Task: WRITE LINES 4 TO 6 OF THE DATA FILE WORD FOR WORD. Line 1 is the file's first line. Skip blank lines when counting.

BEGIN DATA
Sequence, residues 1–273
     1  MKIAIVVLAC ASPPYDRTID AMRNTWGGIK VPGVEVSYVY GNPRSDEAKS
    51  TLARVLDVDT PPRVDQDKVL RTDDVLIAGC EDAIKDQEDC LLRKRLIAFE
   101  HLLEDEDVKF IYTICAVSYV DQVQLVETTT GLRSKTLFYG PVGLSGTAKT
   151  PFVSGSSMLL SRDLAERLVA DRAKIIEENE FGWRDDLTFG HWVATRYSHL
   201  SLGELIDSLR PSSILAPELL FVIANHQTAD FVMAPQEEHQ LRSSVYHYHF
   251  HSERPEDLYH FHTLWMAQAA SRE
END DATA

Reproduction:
   101  HLLEDEDVKF IYTICAVSYV DQVQLVETTT GLRSKTLFYG PVGLSGTAKT
   151  PFVSGSSMLL SRDLAERLVA DRAKIIEENE FGWRDDLTFG HWVATRYSHL
   201  SLGELIDSLR PSSILAPELL FVIANHQTAD FVMAPQEEHQ LRSSVYHYHF